"What key is this piece in?"
  • A funny thing happened the other day. I chose Gustate et Videteby Asola (1588) to teach to my family/choir. It's scored in 3 flats, which to the semi-modern theoretician should mean that the piece is in E-flat major or C minor. The last two "chords" are, in that reckoning, a tonic followed by a dominant -- which is to say that the piece ends on a b-flat major chord.

    I had some music theory back in the day, but it's been a while. Can anyone help me answer the question "What key is this piece in?", with enough thoughtful background so that my non-specialists can understand why the piece doesn't end on the tonic?

  • CHGiffenCHGiffen
    Posts: 3,962
    If you consult the CPDL page for Asola's Gustate et videte, you'll see that the piece (with three flats in the key signature and presumably edited by Christoph Dalitz) is in B-flat Mixolydian mode. It is transposed up a minor third from the original (which is in G Mixolydian mode). The Anthony Cekada edition at CPDL has one flat in the key signature and is in C Mixolydian mode (transposed down a perfect fifth from the original work).

    In terms of chant modes, think Mode VII (or VIII).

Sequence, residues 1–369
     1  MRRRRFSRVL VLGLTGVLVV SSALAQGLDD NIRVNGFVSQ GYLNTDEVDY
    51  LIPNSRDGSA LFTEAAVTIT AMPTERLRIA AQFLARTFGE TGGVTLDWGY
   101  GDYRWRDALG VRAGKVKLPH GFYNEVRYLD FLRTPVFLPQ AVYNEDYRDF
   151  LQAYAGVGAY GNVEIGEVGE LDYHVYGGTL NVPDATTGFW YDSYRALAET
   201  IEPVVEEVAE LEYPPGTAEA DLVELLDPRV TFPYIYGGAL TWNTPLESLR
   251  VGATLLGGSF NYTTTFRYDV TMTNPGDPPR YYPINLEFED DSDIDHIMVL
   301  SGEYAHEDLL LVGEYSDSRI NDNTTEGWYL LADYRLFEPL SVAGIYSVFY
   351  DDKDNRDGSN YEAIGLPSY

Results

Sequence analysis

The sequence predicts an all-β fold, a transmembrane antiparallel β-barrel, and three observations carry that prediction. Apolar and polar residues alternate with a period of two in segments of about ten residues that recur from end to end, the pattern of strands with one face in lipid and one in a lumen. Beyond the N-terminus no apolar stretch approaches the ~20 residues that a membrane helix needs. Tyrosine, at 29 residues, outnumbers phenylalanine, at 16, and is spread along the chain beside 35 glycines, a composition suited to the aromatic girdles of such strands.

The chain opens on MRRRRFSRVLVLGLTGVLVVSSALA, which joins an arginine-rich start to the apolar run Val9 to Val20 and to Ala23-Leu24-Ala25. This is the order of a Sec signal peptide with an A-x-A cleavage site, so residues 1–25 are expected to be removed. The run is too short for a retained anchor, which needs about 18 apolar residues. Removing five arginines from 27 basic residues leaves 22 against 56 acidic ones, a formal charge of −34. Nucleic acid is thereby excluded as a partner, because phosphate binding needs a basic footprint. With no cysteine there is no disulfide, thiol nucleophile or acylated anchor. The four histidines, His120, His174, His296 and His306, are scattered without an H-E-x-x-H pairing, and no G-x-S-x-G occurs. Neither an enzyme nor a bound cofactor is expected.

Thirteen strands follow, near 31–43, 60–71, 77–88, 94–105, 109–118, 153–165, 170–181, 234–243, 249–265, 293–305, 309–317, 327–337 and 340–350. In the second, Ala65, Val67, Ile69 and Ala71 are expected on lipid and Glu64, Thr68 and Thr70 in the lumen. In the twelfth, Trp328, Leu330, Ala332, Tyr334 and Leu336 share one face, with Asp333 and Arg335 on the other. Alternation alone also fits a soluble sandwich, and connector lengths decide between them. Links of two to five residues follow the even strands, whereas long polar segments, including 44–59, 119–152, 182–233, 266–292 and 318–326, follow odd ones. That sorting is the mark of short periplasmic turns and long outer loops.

• SalieriSalieri
    Posts: 2,227
    Also, in terms of cadences in renaissance polyphony, the real cadence happens in mm. 38-39, where the soprano has the 'cantizans' role (ascending to the tonic from the semi tone below), and the bass the 'tenorizans' role (descending to the tonic from the step above), an authentic cadence, fulfilling what we think of as the V-I function---in renaissance theory, the so-called 'plagal' cadence (IV-I) is not a true cadence. (The alto has the 'altizans' role, scale degrees 5-4-3, with a 4-3 suspension.) Everything after this point is merely an ornamentation of the tonic triad: for all intents and purposes, the piece ends on the second beat of bar 39.
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  • Richard MixRichard Mix
    Posts: 1,648
    Marenzio has an even more disconcerting Lydian Christus Jesus splendor, a favorite Transfiguration anthem.
  • Helpful.

    If Mixolydian, is it therefore ending on "do", or is the B-flat chord a kind of final?
  • CHGiffenCHGiffen
    Posts: 3,962
    With 3-flats in the key signature, "do" is E-flat and "sol" is B-flat. The "tonic" for the Mixolydian mode is "sol" ... i.e. B-flat in this case.

    With no accidentals in the key signature, "do" is C and "sol" is G. The "tonic" for the Mixolydian mode is still "sol" ... but now G in this case.

    Salieri's observations are right on.

    In either case, recall that "sol" is the final or "tonic" for chant Mode VII.